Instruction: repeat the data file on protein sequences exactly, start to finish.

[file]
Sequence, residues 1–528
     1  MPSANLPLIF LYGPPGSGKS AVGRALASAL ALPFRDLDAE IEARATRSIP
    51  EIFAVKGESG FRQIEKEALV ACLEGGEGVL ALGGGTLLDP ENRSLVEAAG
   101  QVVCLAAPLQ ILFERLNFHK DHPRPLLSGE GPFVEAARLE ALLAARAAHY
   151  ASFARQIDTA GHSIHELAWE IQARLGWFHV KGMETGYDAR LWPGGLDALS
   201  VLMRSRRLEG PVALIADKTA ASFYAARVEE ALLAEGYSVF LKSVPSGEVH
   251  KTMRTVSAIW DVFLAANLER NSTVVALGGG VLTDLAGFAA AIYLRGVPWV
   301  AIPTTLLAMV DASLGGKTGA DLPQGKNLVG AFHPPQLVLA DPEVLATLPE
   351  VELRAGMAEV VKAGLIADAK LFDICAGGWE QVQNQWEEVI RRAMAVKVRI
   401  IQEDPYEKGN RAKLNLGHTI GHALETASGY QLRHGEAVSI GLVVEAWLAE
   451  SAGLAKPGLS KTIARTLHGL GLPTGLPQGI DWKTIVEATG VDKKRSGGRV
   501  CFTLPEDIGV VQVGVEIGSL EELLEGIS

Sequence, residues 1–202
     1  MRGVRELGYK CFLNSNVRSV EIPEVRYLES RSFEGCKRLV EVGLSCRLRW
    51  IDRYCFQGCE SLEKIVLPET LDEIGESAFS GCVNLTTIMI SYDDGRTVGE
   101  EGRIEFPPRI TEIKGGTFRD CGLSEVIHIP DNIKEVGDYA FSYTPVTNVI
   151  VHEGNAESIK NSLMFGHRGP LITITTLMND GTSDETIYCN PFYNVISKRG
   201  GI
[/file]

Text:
Sequence, residues 1–528
     1  MPSANLPLIF LYGPPGSGKS AVGRALASAL ALPFRDLDAE IEARATRSIP
    51  EIFAVKGESG FRQIEKEALV ACLEGGEGVL ALGGGTLLDP ENRSLVEAAG
   101  QVVCLAAPLQ ILFERLNFHK DHPRPLLSGE GPFVEAARLE ALLAARAAHY
   151  ASFARQIDTA GHSIHELAWE IQARLGWFHV KGMETGYDAR LWPGGLDALS
   201  VLMRSRRLEG PVALIADKTA ASFYAARVEE ALLAEGYSVF LKSVPSGEVH
   251  KTMRTVSAIW DVFLAANLER NSTVVALGGG VLTDLAGFAA AIYLRGVPWV
   301  AIPTTLLAMV DASLGGKTGA DLPQGKNLVG AFHPPQLVLA DPEVLATLPE
   351  VELRAGMAEV VKAGLIADAK LFDICAGGWE QVQNQWEEVI RRAMAVKVRI
   401  IQEDPYEKGN RAKLNLGHTI GHALETASGY QLRHGEAVSI GLVVEAWLAE
   451  SAGLAKPGLS KTIARTLHGL GLPTGLPQGI DWKTIVEATG VDKKRSGGRV
   501  CFTLPEDIGV VQVGVEIGSL EELLEGIS

Sequence, residues 1–202
     1  MRGVRELGYK CFLNSNVRSV EIPEVRYLES RSFEGCKRLV EVGLSCRLRW
    51  IDRYCFQGCE SLEKIVLPET LDEIGESAFS GCVNLTTIMI SYDDGRTVGE
   101  EGRIEFPPRI TEIKGGTFRD CGLSEVIHIP DNIKEVGDYA FSYTPVTNVI
   151  VHEGNAESIK NSLMFGHRGP LITITTLMND GTSDETIYCN PFYNVISKRG
   201  GI